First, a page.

Pork is preferred in the mountains, while the coastal areas are mainly characterized by seafood dishes.
- 10 ½ oz (300g) fresh egg pasta, Tagliolini
- 3 oz (80g) ham, julienne or peeled medium shrimp
- 1 hot chili pepper, minced
- 1 bunch parsley
- 1 ¾ oz (50g) olive oil
- Salt and black pepper
Cook the pasta al dente and reserve some of the pasta cooking water. Drain
In a skillet, heat the oil and fry the chili with the onion. Cook at moderate heat till soft, stirring often with a wooden spoon.
Add the ham or the shrimp and heat it quickly.
Add a few tablespoons of the pasta cooking water, the minced parsley and a pinch of salt and freshly ground pepper.
Add the cooked pasta and mix well. Serve.
Old Style Ricotta Pie
- 12 eggs
- 2 cups white sugar
- 2 teaspoons vanilla extract
- 3 pounds ricotta cheese
- 4 cups all-purpose flour
- 5 teaspoons baking powder
- 1 cup white sugar
- 1/2 cup shortening plus 1 tablespoon shortening, chilled
- 4 eggs, lightly beaten
- 1 teaspoon vanilla extract
- 1 tablespoon milk
For the filling:
Beat the 12 eggs, the 2 cups sugar and vanilla extract together in a large bowl. Stir in the ricotta cheese. Set aside.
For the crust:
Combine the flour, baking powder and the 1 cup sugar together. Cut in the chilled shortening with a pastry blender until the mixture resembles coarse crumbs.
Mix in the 4 beaten eggs and 1 teaspoon vanilla extract.
Divide dough into 4 balls, wrap in plastic, and chill for at least 30 minutes.
Preheat oven to 325 degrees F (165 degrees C). Grease two deep-dish 9 inch pie plates.
Roll out 2 of the balls to fit into the pie pans. Do not make the crust too thick, as it will expand during cooking. Do not flute the edges of the dough.
Roll out the other 2 balls of dough and cut each into 8 narrow strips for the top of the crust.
Pour the ricotta filling evenly into the two pie crusts. Top each pie with 8 narrow strips of dough. Brush the top of the pie with milk. Place foil on the edge of the crust.
Bake in the preheated oven for 20 minutes; remove foil. Rotate pies on the rack so they will bake evenly. Continue to bake until a knife inserted in the center of each pie comes out clean, 25 to 30 minutes more.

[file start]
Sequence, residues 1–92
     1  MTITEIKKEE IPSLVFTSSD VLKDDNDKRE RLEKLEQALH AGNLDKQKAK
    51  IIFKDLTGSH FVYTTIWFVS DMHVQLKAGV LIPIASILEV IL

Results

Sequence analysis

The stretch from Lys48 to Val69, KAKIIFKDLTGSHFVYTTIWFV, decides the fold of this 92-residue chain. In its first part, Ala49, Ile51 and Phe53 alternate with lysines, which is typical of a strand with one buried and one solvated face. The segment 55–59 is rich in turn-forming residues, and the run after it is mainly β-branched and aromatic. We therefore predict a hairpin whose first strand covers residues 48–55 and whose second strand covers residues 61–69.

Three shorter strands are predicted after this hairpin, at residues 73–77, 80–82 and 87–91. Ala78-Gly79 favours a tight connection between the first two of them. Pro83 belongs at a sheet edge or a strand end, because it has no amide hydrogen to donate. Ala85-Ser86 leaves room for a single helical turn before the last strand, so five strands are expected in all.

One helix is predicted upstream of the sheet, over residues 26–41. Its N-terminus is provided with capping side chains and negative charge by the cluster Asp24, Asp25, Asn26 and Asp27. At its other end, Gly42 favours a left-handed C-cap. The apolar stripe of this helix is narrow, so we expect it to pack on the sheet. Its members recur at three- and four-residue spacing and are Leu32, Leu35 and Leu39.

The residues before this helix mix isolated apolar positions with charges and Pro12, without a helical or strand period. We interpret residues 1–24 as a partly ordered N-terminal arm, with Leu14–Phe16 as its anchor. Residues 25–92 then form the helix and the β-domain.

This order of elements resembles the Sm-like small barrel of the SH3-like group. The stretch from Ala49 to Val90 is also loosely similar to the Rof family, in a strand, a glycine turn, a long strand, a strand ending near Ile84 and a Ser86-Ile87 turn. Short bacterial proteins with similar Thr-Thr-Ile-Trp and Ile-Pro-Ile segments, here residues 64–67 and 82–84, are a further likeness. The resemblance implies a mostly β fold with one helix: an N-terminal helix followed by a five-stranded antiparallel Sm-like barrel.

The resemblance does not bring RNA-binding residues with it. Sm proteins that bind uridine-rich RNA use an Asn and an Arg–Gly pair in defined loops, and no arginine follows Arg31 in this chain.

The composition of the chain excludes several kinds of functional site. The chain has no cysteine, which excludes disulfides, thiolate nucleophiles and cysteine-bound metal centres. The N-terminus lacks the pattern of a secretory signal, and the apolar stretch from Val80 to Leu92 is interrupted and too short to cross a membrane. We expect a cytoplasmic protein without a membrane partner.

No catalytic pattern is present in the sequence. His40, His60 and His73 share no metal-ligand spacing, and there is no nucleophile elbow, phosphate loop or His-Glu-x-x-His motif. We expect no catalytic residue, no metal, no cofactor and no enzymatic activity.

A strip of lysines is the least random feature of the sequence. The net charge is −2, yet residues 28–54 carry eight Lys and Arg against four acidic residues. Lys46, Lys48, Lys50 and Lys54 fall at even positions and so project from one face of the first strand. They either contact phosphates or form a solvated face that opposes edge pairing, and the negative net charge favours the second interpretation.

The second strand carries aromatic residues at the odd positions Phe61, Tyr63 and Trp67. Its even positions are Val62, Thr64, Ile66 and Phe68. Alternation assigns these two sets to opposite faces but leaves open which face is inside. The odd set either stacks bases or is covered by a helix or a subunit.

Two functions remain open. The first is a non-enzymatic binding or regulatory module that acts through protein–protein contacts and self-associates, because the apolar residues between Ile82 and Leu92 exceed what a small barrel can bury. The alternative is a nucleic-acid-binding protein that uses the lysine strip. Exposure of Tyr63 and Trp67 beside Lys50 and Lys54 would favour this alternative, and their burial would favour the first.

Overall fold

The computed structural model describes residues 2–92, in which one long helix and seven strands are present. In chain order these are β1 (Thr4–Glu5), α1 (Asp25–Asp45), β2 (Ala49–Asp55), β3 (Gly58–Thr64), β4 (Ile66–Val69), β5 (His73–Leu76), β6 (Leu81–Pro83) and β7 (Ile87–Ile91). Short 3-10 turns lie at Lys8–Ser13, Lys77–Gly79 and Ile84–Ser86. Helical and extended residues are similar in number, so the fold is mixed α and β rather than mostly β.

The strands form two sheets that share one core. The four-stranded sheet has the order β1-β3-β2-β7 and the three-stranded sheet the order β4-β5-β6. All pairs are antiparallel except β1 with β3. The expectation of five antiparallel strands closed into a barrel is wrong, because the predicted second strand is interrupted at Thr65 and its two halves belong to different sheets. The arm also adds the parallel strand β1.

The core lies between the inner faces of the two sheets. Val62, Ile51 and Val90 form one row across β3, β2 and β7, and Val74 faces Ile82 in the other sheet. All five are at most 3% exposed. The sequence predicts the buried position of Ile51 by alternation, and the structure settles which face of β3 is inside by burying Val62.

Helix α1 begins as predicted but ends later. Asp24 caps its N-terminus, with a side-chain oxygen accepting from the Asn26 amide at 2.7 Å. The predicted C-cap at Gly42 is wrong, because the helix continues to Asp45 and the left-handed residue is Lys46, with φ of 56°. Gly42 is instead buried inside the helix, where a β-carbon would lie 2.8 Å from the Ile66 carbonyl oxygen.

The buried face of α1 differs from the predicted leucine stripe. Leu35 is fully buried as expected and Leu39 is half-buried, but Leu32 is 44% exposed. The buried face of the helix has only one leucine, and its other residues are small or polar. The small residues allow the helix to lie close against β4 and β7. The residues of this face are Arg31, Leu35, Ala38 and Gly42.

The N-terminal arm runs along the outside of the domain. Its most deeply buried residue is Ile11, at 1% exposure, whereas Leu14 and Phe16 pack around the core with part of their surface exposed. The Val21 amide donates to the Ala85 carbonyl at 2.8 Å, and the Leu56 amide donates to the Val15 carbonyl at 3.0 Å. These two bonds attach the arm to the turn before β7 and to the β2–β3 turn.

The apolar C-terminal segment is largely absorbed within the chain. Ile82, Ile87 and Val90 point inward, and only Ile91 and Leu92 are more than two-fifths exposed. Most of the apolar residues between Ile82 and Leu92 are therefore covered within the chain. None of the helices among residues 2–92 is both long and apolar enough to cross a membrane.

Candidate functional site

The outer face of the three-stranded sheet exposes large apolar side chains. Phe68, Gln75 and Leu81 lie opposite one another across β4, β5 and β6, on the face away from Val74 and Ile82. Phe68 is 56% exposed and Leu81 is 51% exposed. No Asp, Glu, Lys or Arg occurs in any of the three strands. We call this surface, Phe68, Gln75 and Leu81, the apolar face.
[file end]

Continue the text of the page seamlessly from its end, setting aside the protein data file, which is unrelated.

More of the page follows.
Cool completely on wire racks. Refrigerate until serving.
Marisa Franca @ All Our Way
January 22, 2016 at 7:36 am
I really love your descriptions of the different provinces — I wish you’d make a book of all of them with their recipes. It would be such a great reference 🙂 Wish we could have visited this area — perhaps we will have a chance. I love the tagliolini recipe. I think every region has a bean recipe, don’t you?? Have a great day!! Hugs.
January 22, 2016 at 7:39 am
Definitely beans are a staple. Thank you for your vote of confidence. Actually an Italian, not American, publisher has contacted me and he wants me to write an e-book. It will be region by region. Amazing. I will begin work on it next week.
January 22, 2016 at 9:02 am
Lovely post Jovina – wish we could be there this weekend but perhaps it’s cold there at the moment too. The pasta recipe looks like another trusted midweek super quick supper.
January 22, 2016 at 1:33 pm
Thank you Annie. Pretty cold in most places today. You are right about the pasta dish – comes together very quickly.
January 22, 2016 at 10:07 am
I so look forward to your posts and enjoy trying some of your recipes. This time it may be the ricotta pie.
January 22, 2016 at 1:31 pm
Thank you so very much Lulu. I really appreciate your comment.
Marisa's Italian Kitchen
January 22, 2016 at 5:46 pm
Wonderful Jovina…my husband hails from Campobasso 🙂
January 24, 2016 at 8:01 am
Reblogged this on My Meals are on Wheels.
May 13, 2016 at 7:56 pm
Hi Jovina! Love this post. My Dad is from Campobasso and your recipes are so familiar to me. Thanks for sharing 🙂
May 13, 2016 at 9:14 pm
Thank you so much. I really appreciate your comment.
December 12, 2022 at 10:28 pm
Hi Jovina! My Grandfather came from Campobasso. Thanks for sharing these recipes.
December 13, 2022 at 11:03 am
You are welcome and thank you for taking time to comment.